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In response to President Putin’s televised recognition of Donetsk and Luhansk People’s Republics (“DNR” and “LNR”) of Ukraine as “independent” nations, and reports of Russian troops being ordered into Ukrainian territory, the United States has imposed Crimea-style comprehensive sanctions on the DNR and LNR prohibiting new U.S. investment as well as imports and exports to and from the regions. The EU and the UK have sanctioned banks and oligarchs, and Germany has suspended certifications on the NordStream2 pipeline project.

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On July 23, 2020, the U.S. Senate passed its version of the National Defense Authorization Act for fiscal year 2021 (NDAA) which includes an amendment that expands sanctions in connection with the Nord Stream 2 and TurkStream pipeline projects.  The amendment is based on a bill previously introduced by Senators Ted Cruz (R-TX) and Jeanne Shaheen (D-NH) entitled, the “Protecting Europe’s Energy Security Clarification Act of 2020”, which sought to clarify and expand existing U.S. sanctions under the Protecting Europe’s Energy Security Act of 2019.

Last year, the Protecting Europe’s Energy Security Act of 2019, enacted as part of the National Defense Authorization Act (NDAA) of 2020, implemented sanctions targeted at Allseas, the Swiss-Dutch company that had been laying the Nord Stream 2 pipeline.  Shortly after the NDAA was enacted in December 2019, the company suspended its activities, leaving six percent or around 100 miles (160 km) of pipeline to be completed.  Reports indicate that Russia has taken steps to continue construction of the pipeline, prompting Members of Congress to take further action.  The House passed its version of the FY 2021 NDAA with a similar amendment introduced by Rep. Ruben Gallego (D-AZ) on July 21.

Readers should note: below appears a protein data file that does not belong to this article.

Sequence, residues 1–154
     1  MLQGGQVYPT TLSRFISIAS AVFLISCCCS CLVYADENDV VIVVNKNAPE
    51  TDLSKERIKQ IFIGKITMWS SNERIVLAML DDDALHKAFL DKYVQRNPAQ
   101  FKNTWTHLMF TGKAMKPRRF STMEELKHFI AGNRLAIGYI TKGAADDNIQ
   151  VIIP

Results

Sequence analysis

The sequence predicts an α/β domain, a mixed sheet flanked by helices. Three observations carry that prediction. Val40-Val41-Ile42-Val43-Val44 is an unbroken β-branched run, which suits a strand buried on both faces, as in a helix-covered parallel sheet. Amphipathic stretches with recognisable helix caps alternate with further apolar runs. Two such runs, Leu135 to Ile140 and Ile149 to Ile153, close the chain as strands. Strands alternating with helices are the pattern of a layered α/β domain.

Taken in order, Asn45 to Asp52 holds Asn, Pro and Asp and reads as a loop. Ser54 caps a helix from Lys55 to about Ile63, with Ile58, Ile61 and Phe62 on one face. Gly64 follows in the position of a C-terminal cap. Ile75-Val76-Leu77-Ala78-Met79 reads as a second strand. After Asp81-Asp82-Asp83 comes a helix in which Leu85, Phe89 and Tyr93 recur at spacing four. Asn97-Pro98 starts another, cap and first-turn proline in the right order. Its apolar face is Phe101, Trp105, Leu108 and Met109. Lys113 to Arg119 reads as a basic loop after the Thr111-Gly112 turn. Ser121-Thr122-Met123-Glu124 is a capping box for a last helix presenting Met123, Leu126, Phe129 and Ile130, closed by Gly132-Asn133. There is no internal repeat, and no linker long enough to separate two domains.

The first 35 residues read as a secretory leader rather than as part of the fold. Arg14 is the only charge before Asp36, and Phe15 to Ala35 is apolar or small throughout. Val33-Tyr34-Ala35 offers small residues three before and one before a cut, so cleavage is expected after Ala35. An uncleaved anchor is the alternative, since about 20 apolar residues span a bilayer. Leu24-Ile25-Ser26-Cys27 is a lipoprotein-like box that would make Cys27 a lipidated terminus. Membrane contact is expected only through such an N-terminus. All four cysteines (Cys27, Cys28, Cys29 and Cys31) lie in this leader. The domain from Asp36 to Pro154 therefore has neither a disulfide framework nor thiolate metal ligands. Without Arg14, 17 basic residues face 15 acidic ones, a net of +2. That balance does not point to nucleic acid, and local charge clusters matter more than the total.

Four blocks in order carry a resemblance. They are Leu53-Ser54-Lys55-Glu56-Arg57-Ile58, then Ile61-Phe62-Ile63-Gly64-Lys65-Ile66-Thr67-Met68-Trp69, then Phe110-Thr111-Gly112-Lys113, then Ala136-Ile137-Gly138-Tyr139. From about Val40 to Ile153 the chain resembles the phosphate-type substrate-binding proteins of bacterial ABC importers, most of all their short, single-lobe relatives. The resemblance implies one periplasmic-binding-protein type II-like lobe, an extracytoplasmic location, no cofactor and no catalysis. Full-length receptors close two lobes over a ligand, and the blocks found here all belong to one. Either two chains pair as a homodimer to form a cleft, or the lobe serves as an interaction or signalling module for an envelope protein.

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On December 31, 2019, the U.S. District Court for the Northern District of Texas overturned a $2 million fine imposed by the Department of the Treasury’s Office of Foreign Assets Control (OFAC) against ExxonMobil Corp., and its U.S. subsidiaries ExxonMobil Development Company and ExxonMobil Oil Corp. (collectively, “Exxon”). This marked a rare court decision overturning an OFAC sanctions penalty. The Court’s decision focused not on the subject of the sanctions but addressed whether OFAC had provided proper notice of its sanctions requirements.

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On June 15, 2017, the Senate passed the Countering Iran’s Destabilizing Activities Act of 2017 (S.722) by a vote of 98-2.  Included with the bill is a significant Russia sanctions amendment, the Countering Russian Influence in Europe and Eurasia Act of 2017, which would expand U.S. primary and secondary sanctions for Russia and limit the President’s ability to ease existing sanctions.

The bill represents a bi-partisan compromise among key legislators to advance Iran and Russia sanctions measures together. The House of Representatives is now beginning to consider its own Iran and Russia sanctions measure, with the potential for final legislation this fall. Continue reading →